Thursday, June 24, 2010
William diCarlo Perle di dolcezza
Italy has probably been a confectionery center for thousands of years. Before cane sugar came along candies were made from dates, honey and nuts. But when Italy became a center of trade in the Mediterranean and had access to white sugar they became a hotbed of candy invention.
The heart of this tradition is the panned sweet. A nut or seed is the starter and then layers of sugar or chocolate are added as they tumble in a bin (rather like a cement mixer). The bonus in this kind of candy making was that a thick sugar coating actually preserved the nut or seed at the center. So a candied almond or pistachio could be easily carried around without worry that they’d get rancid and of course they were ideal for gifting.
In 1833 William diCarlo was founded in Sulmona, Italy, an area known for confetti (panned nuts and seeds). Their traditional methods and care in selecting their ingredients is evident from the packaging, list of ingredients and the product itself. I was given this box of Perle di dolcezza by their distributor Ritrovo Italian Regional Foods in the United States after I saw them at the Fancy Food Show in January.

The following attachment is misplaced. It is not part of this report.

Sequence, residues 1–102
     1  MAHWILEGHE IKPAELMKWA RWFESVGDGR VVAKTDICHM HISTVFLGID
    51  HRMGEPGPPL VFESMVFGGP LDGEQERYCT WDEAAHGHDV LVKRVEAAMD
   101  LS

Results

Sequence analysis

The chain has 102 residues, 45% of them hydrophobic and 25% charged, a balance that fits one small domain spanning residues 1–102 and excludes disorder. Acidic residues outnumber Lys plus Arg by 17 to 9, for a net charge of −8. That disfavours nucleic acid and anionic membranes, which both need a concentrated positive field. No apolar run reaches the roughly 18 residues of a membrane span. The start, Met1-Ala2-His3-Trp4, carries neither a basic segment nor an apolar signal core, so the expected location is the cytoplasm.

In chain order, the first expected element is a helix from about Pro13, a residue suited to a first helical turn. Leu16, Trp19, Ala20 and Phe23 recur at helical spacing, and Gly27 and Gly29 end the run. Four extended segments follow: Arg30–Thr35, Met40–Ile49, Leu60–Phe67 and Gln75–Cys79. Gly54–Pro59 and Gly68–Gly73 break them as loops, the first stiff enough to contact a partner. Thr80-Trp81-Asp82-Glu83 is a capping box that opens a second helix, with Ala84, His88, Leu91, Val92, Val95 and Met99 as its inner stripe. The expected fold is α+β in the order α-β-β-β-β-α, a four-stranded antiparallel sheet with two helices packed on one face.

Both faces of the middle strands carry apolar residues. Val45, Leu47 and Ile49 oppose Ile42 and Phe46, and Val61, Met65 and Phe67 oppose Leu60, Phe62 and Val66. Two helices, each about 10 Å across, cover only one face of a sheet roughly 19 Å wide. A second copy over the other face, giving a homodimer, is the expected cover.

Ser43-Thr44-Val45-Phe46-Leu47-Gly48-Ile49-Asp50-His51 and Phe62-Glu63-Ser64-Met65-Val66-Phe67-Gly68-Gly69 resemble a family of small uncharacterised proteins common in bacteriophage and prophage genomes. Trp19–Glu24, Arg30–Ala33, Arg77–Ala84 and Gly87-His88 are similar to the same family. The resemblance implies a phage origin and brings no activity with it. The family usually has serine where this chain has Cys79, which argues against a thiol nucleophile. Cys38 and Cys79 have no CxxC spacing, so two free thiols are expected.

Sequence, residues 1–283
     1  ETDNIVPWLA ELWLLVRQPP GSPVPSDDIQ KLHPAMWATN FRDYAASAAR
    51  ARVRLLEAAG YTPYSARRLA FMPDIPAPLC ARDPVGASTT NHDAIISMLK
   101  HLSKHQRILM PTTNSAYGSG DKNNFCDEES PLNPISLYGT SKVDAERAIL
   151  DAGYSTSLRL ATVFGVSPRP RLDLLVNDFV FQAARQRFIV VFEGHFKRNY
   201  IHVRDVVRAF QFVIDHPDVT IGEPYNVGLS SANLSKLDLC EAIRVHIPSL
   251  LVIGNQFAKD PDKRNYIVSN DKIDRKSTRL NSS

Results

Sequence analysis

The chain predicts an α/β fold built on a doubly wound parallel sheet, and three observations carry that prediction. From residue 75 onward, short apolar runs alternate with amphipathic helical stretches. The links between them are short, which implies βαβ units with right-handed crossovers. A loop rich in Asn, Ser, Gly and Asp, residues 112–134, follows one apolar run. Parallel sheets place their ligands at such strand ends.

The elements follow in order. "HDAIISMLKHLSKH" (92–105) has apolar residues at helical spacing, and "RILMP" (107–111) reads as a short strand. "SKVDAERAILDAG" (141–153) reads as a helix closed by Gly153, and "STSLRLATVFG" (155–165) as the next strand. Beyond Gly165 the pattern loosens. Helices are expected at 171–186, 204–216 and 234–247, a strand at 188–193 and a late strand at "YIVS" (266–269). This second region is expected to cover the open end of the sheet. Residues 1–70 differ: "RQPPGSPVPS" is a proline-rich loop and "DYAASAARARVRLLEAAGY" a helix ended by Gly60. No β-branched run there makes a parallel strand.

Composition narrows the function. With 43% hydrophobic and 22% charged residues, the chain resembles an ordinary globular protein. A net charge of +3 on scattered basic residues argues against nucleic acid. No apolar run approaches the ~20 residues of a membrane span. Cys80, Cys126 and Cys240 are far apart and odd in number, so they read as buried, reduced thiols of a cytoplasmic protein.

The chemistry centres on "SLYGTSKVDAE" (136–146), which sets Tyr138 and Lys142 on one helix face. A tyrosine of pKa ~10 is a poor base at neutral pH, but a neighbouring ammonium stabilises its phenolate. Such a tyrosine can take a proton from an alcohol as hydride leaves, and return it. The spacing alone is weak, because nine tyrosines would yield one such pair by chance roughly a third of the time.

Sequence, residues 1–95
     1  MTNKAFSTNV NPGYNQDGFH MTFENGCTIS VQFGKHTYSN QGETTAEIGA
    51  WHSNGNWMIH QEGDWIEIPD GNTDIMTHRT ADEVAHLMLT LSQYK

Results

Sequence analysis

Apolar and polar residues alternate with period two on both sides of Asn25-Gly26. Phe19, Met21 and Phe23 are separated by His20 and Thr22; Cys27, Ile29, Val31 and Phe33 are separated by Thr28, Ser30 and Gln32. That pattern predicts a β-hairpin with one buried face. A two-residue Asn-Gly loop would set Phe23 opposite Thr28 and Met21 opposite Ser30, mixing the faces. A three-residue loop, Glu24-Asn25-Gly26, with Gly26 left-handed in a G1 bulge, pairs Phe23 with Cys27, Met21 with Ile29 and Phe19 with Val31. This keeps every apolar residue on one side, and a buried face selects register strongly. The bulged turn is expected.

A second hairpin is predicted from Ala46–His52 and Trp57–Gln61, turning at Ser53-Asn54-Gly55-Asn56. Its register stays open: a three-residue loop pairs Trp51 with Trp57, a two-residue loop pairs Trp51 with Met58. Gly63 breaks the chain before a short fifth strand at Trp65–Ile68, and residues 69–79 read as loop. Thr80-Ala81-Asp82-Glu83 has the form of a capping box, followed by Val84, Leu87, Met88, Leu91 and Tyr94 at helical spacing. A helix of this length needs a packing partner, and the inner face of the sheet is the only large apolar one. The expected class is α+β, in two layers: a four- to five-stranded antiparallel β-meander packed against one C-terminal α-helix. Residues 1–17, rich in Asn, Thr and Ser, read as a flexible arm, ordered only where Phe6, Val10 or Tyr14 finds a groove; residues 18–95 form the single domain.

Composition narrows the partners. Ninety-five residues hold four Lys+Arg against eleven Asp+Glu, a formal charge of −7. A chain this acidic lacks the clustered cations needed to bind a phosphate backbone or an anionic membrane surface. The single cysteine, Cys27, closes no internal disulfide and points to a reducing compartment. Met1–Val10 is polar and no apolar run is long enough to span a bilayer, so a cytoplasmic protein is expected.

The box is a fascinating construction. It’s like a flower (see this page at Amazon). Pop the top off and the sides fold out, like origami. Inside that is a little clear cellophane bag nestled inside the foil lined box.
Let’s face it, they’re drop dead gorgeous candies from the outside. But the construction is just as tantalizing: they’re a hazelnut covered in rich chocolate and then a candy coating. The whole thing is finished with a bronzy sparkling layer.
They smell sweet and a little like roasted nuts, but not much like chocolate.
The shell is thick and very crispy. The nuts are well roasted, so they’re also crunchy with no hint of raw chewiness. The dark chocolate layer is thick, but not overpowering. So the whole thing munched together has an excellent balance between the nut and the chocolate. The shell is kind of odd, the pearly coating not only looks metallic, it tastes slightly metallic, kind of like pennies. Maybe that was my mind playing tricks on me, but it had a mineral salt flavor to it, like a strong mineral water with a little zinc or copper note.
I loved the look and the crunch with the fresh nut plus the good quality chocolate was definitely different - this is the M&M I’ve always wished existed. But the metallic taste to it was a little off-putting - like my mouth was saying “danger” so I was careful not to eat too many in one day. The price is something that would keep most mortals from chowing down on lethal levels anyway, I saw them on Amazon for $13.50 a package (that’s $49 a pound). So they’re definitely a “sometimes food” not an everyday indulgence. They’d be ideal for a small wedding/shower/party - and I’d probably mix them in with other not-so-expensive items as part of a favor or candy display.
Meticulously photographed and documented reviews of candy from around the world. And the occasional other sweet adventures. Open your mouth, expand your mind.